Trump's repeated denunciations of CNN following a documentary he felt was deeply flawed rather overlook the success of their relationship. Trump brought CNN ratings in a tough TV market, and he got exposure in return.
No-one knew what he was going to say, so the cameras were never going to cut away. We now have an unpredictable and telegenic president, whom the cameras and ratings will follow wherever he goes.
However, what's strange about Trump's speeches is how much of what he says refers to issues and topics that are not part of the mainstream news agenda.
The 'alt-right' movement
During the summer of 2016, Donald Trump stated again and again that Hillary Clinton "invented Isis". It's not a claim that receives much support in most newspapers or websites.
On Alex Jones' Infowars site, though, it was big news. The site also features claims that Clinton has a secret "Satanic Network" and has Parkinson's disease, as well as dozens of other conspiracy theories.
Analyse Trump's speeches and there are references to dozens of stories that are dismissed by most mainstream media but have enthusiastic support in the growing world of alternative news sources.
And this "fringe" is generating large amounts of traffic. The online analytics company Tubular Insights identified in the middle of the campaign that when it came to online news, the site creating videos that were generating the greatest levels of engagement (likes, shares etc) was Infowars.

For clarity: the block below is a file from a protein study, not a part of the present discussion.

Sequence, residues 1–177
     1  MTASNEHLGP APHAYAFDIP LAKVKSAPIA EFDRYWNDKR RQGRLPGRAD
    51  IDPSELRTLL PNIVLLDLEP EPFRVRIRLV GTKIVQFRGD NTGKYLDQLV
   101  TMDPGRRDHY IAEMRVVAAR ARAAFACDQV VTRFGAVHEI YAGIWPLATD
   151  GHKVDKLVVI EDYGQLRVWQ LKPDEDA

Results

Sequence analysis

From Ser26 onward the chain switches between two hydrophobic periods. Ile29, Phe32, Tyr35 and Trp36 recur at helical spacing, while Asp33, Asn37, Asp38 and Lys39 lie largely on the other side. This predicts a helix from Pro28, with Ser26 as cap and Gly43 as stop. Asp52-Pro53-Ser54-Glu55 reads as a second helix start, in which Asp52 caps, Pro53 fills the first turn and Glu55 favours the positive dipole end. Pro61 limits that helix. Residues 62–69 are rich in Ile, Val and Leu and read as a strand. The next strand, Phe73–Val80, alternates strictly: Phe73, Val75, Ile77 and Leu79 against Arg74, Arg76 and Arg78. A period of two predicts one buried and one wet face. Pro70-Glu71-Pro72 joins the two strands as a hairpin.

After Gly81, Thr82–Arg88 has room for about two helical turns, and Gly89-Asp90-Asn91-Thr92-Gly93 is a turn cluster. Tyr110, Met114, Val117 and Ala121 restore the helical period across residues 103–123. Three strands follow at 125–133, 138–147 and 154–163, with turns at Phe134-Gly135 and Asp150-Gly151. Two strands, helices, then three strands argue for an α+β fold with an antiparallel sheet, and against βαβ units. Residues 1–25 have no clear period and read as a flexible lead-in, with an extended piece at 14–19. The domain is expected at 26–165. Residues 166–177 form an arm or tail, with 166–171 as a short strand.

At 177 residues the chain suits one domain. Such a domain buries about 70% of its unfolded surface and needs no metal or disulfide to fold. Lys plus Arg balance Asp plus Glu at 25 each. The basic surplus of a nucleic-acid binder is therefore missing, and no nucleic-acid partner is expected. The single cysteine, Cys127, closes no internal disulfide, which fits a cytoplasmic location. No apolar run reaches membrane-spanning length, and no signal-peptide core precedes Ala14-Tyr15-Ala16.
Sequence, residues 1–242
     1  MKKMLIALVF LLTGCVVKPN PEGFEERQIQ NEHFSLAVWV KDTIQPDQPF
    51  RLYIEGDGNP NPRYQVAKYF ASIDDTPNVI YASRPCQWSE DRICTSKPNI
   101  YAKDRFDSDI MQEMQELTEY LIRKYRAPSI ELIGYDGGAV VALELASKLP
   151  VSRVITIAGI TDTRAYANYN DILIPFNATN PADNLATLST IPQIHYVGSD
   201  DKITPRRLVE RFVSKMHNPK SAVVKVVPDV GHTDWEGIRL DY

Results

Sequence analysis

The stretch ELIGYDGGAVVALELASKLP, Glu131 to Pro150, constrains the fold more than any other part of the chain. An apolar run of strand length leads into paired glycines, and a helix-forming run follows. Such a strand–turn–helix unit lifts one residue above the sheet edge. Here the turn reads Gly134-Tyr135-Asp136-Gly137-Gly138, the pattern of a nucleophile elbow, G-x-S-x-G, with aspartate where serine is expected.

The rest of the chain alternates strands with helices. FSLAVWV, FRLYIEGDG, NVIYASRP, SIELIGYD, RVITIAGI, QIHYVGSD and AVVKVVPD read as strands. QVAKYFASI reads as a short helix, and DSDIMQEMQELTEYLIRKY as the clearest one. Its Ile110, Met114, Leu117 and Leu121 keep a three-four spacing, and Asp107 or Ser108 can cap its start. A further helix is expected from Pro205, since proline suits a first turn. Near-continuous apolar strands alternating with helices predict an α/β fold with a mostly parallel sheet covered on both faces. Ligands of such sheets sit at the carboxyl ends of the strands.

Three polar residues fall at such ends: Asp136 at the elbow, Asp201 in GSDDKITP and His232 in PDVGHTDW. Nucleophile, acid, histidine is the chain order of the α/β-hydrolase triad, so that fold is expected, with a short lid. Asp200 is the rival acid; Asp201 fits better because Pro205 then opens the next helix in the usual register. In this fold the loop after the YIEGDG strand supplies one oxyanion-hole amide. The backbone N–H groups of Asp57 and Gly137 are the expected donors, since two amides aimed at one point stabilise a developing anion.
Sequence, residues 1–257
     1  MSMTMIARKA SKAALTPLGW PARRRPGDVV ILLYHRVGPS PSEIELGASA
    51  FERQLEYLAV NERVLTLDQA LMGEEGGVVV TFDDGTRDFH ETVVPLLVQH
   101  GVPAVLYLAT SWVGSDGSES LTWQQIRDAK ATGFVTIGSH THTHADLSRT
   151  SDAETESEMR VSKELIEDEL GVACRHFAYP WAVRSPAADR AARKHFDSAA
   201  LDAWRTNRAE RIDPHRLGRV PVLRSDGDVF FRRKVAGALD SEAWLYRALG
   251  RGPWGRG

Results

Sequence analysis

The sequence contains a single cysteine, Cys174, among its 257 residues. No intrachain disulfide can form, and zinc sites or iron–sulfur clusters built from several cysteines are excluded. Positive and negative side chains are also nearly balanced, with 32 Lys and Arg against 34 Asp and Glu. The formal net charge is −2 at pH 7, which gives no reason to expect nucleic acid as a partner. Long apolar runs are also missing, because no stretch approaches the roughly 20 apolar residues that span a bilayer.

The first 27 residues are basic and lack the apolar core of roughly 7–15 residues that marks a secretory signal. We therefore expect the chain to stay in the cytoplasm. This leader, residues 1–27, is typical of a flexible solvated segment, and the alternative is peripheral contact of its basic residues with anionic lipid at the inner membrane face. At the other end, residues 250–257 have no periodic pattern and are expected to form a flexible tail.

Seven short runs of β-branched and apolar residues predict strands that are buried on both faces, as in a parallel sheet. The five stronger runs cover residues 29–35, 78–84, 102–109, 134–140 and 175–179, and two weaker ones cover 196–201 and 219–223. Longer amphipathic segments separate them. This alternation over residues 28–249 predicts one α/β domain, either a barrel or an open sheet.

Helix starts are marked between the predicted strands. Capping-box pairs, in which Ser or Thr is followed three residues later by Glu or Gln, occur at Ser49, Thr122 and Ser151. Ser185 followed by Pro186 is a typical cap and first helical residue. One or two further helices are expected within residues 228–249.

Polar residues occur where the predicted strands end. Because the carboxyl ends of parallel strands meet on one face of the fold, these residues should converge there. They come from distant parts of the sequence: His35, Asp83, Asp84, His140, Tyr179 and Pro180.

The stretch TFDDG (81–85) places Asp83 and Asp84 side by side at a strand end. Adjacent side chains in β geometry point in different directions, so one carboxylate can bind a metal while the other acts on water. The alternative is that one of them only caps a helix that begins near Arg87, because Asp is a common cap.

Another star of what has become known as the "alt-right" is Breitbart, a news website with an agenda opposed to anything it deems politically correct or multicultural.
It's Alexa online ranking puts it above the LA Times, the New York Post, Vox, Slate and the New Yorker, not to mention CBS, NBC and ABC's news sites.
If you want to understand how close Breitbart is to Trump, look at Steve Bannon, an executive chairman of Breitbart who became the Trump campaign's chief executive.
Bannon is a former employee of Goldman Sachs and has a Harvard MBA. But politically he is at the heart of the anti-establishment, anti-mainstream media right wing of America.
Bannon is a man who also shares all the right enemies. But how do we know people believe him any more than other parts of the media?
'Share of voice'
In the midst of the election campaign, the social media analysts Impact Social studied posts on Twitter and other social media platforms in Florida.
Once they'd stripped out the pundits, journalists and the rest of the chattering classes, they saw Trump was well ahead of Clinton when it came to positive comments. This ran counter to the polls, which were giving Clinton a small lead.
Pollsters would dismiss social media as a self-selecting group that doesn't reflect the whole voting population. But it does perhaps give a clue to the emotional impact of a candidate.
Trump was giving people more to talk about and saying it in a way that resonated. When it came to "share of voice" online, he was winning.
The need for headlines that bring clicks and stories that get shared has changed everything. Dull, balanced articles (like this one) don't provoke fury, laughter or much in the way of emotion.
Trump was simply more entertaining and generating more passion. In a news environment moving from a world of subscriptions and long-term appointments-to-view to the vagaries of clicks, friends' recommendations and Facebook news streams, that makes him a winner.